The automaker has already made the unusual move of eliminate two fuel-saving features from some of the vehicles – engine start/stop and cylinder deactivation – and will now remove wireless mobile device charging pads from a few SUV trims, GM Authority first reported.
Let's talk about that -- start/stop and cylinder deactivation.
Both are sold as "economical."
Further, there are zero successful implementations -- defined as "does not screw the vehicle's engine or result in expensive repairs down the road."
Not even the Japanese have gotten it right -- Mazda has had problems with engines using it. So has GM. So has everyone else.
Because cylinder deactivation is akin to an intentional misfire and thus produces asymmetric internal loading within the engine. It is done to try to shave a fraction of a mpg in the EPA drive cycle and thus get a bit better rating.
This may not bother you if you don't intend to keep the vehicle for more than 5 years or beyond when the warranty runs out (and you get to pay for the nice, expensive repairs) but if you do intend to keep it, well, that's a problem.
Never mind the nice 10 speed automatic transmissions that run about $10,000 to replace when they blow up. And folks: All automatics eventually blow up. They blow up because the fluid is in the friction material of the clutches and thus inevitably some of that gets into the fluid and no matter how good of a filter you have (which isn't real good, by the way) you get wear and the wear causes failure. You can make it fail faster by not maintaining it, of course. Contrast this with a stick that may require a clutch but the gearbox itself, if you know how to drive a manual, will go a million miles with nothing more than gear oil changes every 50,000 or thereabouts.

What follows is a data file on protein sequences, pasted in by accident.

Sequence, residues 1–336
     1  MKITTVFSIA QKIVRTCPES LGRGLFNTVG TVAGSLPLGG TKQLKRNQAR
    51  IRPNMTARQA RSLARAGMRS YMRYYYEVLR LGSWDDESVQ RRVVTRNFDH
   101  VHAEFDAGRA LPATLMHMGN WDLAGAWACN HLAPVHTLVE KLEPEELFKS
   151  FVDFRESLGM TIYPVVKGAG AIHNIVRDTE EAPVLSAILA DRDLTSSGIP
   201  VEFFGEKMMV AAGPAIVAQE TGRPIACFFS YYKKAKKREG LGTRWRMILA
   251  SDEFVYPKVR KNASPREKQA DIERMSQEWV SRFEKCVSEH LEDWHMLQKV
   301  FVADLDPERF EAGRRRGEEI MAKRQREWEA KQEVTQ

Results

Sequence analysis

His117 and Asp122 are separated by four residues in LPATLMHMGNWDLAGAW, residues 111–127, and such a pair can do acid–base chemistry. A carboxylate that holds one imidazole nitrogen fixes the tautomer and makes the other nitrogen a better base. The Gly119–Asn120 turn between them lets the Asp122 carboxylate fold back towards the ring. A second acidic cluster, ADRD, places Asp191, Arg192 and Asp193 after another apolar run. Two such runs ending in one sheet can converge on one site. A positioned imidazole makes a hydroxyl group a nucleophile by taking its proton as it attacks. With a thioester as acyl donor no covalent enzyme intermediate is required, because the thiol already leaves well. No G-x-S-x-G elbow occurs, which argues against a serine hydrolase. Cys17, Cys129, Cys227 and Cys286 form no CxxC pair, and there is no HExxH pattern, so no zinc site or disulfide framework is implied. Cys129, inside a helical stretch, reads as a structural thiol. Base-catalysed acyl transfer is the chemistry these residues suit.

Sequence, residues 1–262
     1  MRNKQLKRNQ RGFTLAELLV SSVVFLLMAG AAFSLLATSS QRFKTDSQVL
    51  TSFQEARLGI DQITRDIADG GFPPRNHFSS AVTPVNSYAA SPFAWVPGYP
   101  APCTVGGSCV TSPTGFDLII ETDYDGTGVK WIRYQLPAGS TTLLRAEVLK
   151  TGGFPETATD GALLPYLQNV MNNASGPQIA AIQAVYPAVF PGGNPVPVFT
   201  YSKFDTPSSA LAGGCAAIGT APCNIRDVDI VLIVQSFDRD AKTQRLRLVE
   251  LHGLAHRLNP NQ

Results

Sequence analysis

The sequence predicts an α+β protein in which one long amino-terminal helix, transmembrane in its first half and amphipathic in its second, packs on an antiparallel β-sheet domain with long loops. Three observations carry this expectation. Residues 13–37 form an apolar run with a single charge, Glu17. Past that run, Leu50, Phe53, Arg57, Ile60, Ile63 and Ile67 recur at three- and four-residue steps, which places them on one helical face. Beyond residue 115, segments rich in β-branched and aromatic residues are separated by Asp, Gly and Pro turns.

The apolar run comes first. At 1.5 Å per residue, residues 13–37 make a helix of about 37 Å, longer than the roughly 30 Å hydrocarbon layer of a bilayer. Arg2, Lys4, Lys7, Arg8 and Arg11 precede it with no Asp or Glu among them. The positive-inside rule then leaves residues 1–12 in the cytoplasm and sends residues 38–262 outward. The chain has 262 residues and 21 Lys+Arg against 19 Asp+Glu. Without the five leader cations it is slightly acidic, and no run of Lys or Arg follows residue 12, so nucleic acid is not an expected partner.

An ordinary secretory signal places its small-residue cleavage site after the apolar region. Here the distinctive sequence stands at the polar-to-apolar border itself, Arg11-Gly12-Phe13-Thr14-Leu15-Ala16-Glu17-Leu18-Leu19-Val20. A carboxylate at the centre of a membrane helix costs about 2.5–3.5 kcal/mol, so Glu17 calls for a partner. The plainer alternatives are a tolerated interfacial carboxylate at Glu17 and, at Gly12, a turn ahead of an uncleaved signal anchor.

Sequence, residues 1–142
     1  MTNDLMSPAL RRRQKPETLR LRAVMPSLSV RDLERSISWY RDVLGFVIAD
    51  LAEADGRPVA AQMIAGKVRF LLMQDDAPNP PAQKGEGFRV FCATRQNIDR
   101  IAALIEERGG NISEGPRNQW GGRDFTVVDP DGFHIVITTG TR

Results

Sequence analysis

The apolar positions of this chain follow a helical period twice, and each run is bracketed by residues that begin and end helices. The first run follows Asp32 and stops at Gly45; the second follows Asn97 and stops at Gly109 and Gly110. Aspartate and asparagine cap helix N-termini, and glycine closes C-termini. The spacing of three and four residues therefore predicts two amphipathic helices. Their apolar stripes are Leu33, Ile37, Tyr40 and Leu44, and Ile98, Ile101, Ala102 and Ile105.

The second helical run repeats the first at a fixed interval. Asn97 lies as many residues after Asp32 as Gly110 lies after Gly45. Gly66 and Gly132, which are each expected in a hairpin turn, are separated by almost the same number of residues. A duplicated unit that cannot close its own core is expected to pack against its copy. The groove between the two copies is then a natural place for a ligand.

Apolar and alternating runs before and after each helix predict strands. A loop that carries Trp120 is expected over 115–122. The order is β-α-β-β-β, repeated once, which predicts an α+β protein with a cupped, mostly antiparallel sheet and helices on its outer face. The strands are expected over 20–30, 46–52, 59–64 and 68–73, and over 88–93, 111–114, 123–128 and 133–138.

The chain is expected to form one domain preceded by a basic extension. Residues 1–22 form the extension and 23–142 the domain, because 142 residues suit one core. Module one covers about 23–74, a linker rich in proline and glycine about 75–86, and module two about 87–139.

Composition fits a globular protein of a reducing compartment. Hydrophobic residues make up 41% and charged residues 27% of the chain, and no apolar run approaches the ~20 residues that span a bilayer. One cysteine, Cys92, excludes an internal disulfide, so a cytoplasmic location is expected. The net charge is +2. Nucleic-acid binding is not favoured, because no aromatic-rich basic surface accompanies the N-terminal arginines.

Now let's contrast. My 2002 Suburban has a 5.3L engine in it -- the same displacement as the current model. It has a 4L60E transmission; a 4-speed overdrive automatic with lockup torque converter.
I can buy a remanufactured gearbox for $2,000 and for about $1,000 in labor have it installed. That's a third of the price of the modern model. For another $500 I can have upgraded internal parts put in said gearbox which will improve its expected life even more. The engine, in a crate, is less-expensive as well if and when I blow it up, but it's much less likely to blow up because it doesn't have that cylinder deactivation crap on it and the fuel injectors and required high pressure fuel pump aren't $1,000 each either.
Here's the thing -- if all that "stuff" resulted in a 3-4mpg advantage and did not increase maintenance and repair costs it might be worth it. After all, going from 18mpg to 21mpg, well, over enough miles that's a fair bit of money, especially with gas in the $3/gal+ range. Over 100,000 miles or so that would be good for about $2,300 in fuel which is not chump change.
But that's not the truth. The EPA window sticker on the new truck -- current year model, mind you, according to GM -- is 15/19. So in the real world all this crap saves you nothing and makes the truck wildly more-expensive to maintain.
Mine gets 14/18 in the real world all day long, statistically identical and, if I recall correctly, was rated right around there. Fuelly, which I use to track it, confirms this. Further, stick a trailer behind either one of them and at 70mph they'll both get 9mpg. The reason for both is that aerodynamically both are approximately equivalent to a flat brick wall and there's nothing you can do about the laws of physics in that regard. It simply requires "X" horsepower to move said brick wall through the air at Y mph.
Maybe I should send mine out to be repainted and then have Katzkin re-do the leather seating..... Hell, I could re-engine and re-transmission the truck at the same time and spend less than 20% of the cost of a "new" one -- and it would be, for all intents and purposes at that point, both cosmetically and mechanically new.
And be more reliable.